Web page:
Varying mutations lead to varying outcomes
Each and every autism person has a similar set of symptoms but the spectrum is still so vast that the exact severity of a particular set of symptoms is never the same in two people, much like fingerprints. Researchers have now started to look deeper into this mystery to unearth answers to unlocking to autism riddle. This week Nature Neuroscience journal published findings from a group of scientists from the Columbia University Medical Center. The team of investigators lead by Dr. Vitkup pooled in and analyzed almost 1000 genes to discover how individual traits could be traced out to various genetic mutations.
Dr. Vitkup and his team identified numerous genes that if mutated would increase the chances of an ASD. The team observed that the severer the mutation, the worse the outcome. They concluded that children with high-functioning autism had only partially mutated genes or milder mutations compared to low-verbal or nonverbal IQ autism persons.
Gender bias was identified too. Women tended to have lesser autism spectrum disorders than their male counterparts, but when they did, it was on the severe side of the spectrum. The genes in these women tended to be almost twice as active as the normal genes.
The team also identified that autism genes affected and disrupted activity in multiple brain cell types. That is how the high amount of symptom variability is noted in person across the autism spectrum, the team explained. They found strong effects on the neurons that control repetitive motions and behaviors.
These findings are like a ‘coming of age’ for autism research.
Researchers identify ways to recognize and interpret brain impulses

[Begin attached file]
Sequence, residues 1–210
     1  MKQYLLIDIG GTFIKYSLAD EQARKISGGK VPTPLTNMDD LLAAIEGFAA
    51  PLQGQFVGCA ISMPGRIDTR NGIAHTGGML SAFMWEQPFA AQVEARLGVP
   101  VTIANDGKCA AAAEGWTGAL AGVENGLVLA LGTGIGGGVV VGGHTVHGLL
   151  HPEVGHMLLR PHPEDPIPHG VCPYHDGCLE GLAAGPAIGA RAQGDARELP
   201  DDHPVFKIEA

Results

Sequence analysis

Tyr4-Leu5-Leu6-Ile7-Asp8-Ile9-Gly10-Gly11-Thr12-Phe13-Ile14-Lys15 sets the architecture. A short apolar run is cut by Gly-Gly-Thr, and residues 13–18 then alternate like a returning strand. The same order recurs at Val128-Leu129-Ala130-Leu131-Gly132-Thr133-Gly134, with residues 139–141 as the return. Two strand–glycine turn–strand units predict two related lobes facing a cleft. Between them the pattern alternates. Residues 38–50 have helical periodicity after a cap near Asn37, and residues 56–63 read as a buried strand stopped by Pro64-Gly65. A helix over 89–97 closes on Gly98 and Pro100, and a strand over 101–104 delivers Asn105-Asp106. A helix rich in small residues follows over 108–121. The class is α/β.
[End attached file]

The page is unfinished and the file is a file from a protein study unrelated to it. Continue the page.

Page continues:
A large amount of research is being carried out over a variable number of aspects of autism spectrum disorders across the globe. Now, researchers from the University College London have invented a way to ‘read’ and ‘write’ signals of the brain. The innovative technique was published in Nature Methods this week and boasts of cutting edge technology applied to medical research to crack clues to this mysterious medical condition.
Lead by Professor Michael Hausser, a team of biomedical scientists figured out a way to light up brain cells. They managed to not just engineer the neurons such that they light up when active but also command and control them to understand better their functioning. All this is an effort in understanding how the brain responds to various activities and apply this information to solving conditions like autism, Asperger’s syndrome, etc. where social skills tend to be affected.
They split up beams of light to activate neurons of their choice that allowed them to observe functioning of hundreds of neurons at the same time, allowing them to ‘get to know them’ literally. They could create patterns of activation and measure the way the circuit responded with this breakthrough new technology.
The scientists are keen to employ this technique to multiple other sets of neurons and understand how the brain stores and interprets information it gathers from its surroundings.